31st October, A Film Based On The Aftermath Of The Indira Gandhi Assassination


31st October, a film in light of the outcome of the Indira Gandhi death, has at long last been green-lit by the Revising Committee of the Censor Board of Film Certification (CBFC) after a fourmonth hold up. The assuaged maker, Harry Sachdeva, concedes that he needed to make a few changes however without influencing the credibility of the true to life projection. “It took time but we were eventually able to convince the censor board to retain the scenes which brought out the realism of the story and which were important to the narrative.There’s a reason for bringing this subject to the screen and justice needs to be done to the subject,” he argues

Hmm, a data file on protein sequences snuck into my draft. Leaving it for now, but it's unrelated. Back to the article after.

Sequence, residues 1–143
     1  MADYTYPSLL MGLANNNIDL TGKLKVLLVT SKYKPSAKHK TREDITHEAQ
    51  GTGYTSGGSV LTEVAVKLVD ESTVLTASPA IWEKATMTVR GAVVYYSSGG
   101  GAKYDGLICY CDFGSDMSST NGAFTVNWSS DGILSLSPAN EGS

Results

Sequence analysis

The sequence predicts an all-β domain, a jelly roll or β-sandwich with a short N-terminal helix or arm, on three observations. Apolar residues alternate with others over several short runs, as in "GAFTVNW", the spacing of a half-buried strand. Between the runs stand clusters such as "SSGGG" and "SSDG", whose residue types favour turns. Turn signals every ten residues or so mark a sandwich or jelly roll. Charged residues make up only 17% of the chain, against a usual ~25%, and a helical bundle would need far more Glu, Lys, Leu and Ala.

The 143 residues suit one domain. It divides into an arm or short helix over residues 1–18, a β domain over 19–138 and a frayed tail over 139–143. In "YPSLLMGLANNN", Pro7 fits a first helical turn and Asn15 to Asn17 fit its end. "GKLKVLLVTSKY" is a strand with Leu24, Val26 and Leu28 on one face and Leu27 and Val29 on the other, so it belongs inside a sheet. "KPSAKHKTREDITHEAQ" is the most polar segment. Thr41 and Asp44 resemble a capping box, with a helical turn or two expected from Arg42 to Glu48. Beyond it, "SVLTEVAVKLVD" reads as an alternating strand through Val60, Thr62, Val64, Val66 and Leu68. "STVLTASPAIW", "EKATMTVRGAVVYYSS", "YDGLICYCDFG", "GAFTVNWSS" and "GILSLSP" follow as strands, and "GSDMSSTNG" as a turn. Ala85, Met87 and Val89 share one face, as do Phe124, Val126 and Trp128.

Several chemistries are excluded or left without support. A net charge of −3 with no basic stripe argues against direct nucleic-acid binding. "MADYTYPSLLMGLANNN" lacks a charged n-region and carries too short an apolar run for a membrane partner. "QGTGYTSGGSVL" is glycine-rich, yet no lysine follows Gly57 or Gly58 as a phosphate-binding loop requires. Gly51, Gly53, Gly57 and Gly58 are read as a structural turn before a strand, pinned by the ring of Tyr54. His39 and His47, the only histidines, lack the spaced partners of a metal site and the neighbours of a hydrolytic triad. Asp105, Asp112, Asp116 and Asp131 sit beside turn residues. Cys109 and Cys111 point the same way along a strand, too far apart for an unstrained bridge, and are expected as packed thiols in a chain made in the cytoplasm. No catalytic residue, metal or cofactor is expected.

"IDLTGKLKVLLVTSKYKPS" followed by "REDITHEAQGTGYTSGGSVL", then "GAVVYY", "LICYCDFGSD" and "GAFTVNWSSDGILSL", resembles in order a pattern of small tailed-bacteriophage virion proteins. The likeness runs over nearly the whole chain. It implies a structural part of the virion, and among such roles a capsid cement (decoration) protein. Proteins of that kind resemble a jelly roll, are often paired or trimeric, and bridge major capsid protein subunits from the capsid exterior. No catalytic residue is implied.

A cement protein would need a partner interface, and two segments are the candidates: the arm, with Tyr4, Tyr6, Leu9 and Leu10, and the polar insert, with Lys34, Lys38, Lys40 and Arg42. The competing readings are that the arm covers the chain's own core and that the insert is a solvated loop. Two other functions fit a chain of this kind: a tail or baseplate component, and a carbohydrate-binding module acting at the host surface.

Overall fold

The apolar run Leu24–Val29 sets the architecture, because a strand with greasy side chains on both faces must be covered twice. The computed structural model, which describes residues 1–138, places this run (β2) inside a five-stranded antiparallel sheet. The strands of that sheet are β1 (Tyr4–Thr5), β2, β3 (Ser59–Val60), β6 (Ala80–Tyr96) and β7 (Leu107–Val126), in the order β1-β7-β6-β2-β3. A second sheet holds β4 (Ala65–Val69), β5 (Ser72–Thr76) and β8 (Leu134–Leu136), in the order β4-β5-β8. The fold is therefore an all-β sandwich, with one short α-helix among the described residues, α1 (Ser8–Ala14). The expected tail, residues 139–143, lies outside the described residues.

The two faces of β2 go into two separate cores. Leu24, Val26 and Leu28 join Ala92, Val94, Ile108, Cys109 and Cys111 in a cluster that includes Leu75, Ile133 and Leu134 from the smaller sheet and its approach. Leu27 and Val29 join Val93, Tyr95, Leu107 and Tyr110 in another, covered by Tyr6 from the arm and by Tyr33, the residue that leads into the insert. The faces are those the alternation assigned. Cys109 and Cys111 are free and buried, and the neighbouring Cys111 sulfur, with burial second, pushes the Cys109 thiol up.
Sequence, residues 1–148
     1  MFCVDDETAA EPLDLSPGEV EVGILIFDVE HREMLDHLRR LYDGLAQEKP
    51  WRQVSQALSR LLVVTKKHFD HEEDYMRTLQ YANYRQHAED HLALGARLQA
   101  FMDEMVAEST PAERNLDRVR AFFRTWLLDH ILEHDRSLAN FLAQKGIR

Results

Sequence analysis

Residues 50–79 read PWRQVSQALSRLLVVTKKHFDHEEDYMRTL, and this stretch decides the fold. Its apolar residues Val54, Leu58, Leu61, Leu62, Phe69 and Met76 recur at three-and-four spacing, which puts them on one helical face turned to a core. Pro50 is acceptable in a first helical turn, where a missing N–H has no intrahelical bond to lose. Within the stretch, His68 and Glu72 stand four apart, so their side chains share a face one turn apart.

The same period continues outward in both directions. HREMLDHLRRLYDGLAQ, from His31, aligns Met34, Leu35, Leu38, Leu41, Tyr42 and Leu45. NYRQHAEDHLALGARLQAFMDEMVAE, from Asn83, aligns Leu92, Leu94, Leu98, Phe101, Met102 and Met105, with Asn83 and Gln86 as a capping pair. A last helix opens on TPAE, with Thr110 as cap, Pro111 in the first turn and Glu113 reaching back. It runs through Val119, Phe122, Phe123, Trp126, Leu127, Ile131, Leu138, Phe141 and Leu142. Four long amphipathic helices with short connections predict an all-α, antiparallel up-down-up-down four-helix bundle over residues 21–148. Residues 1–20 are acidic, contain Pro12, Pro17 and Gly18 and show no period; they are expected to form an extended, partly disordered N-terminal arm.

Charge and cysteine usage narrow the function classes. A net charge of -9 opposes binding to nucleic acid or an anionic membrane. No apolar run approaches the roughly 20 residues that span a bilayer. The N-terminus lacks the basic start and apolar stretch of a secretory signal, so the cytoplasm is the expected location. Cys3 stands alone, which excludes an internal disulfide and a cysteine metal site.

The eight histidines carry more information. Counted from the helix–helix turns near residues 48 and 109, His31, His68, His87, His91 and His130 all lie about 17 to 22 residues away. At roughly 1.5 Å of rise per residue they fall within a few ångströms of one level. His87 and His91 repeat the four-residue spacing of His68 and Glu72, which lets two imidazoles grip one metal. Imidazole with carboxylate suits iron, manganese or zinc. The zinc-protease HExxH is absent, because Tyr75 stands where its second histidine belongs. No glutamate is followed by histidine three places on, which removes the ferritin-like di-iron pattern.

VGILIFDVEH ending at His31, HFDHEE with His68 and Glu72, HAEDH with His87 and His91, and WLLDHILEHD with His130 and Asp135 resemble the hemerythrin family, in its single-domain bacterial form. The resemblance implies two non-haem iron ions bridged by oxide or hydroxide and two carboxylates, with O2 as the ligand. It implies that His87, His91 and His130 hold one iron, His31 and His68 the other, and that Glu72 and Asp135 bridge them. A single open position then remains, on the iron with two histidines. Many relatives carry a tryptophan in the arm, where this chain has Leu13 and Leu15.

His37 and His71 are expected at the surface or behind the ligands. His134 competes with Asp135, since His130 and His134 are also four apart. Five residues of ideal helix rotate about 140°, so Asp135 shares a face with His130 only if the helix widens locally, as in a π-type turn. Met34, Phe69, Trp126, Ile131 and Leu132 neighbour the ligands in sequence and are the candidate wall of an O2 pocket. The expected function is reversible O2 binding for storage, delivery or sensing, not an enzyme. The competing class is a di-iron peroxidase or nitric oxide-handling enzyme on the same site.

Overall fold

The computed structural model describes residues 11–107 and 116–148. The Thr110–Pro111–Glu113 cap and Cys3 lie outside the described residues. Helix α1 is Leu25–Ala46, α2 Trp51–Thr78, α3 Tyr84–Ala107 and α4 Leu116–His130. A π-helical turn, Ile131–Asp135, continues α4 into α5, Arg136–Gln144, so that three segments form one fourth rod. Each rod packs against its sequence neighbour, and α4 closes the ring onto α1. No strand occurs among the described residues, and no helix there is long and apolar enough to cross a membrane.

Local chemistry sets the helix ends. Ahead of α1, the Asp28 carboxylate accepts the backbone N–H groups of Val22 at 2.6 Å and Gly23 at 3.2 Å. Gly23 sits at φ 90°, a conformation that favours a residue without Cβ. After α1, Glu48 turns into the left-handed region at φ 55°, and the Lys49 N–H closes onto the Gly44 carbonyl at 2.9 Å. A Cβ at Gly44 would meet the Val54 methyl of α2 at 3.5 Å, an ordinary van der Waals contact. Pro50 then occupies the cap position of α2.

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Talking about the progressions he needed to make, Sachdeva advises that a significant number of the scenes delineating savagery and slaughter must be altered.”I took nine major cuts. The censors insisted that some of the scenes and dialogue could instigate a particular community so needed to be toned down. The Revising Committee made us re-submit the film several times, trimming down scenes that they had issues with by sixseven minutes. All verbal abuses have been beeped, even something as common as `saala’ on several instance,” he sighs. The film is set in Delhi in 1984.Since the capital city has changed a considerable measure subsequent to our previous Prime Minister’s death by her two Sikh bodyguards on October 31, 1984, they reproduced Delhi in a town in Ludhiana. The political thriller highlights Soha Ali Khan who plays a startled Sikh lady who alongside her better half Vir Das, twin children and a one-yeardaughter, dashes from one end of Delhi to the next on that pivotal day. Vir prepared in real life for four-five months and Soha learnt Punjabi for her part.

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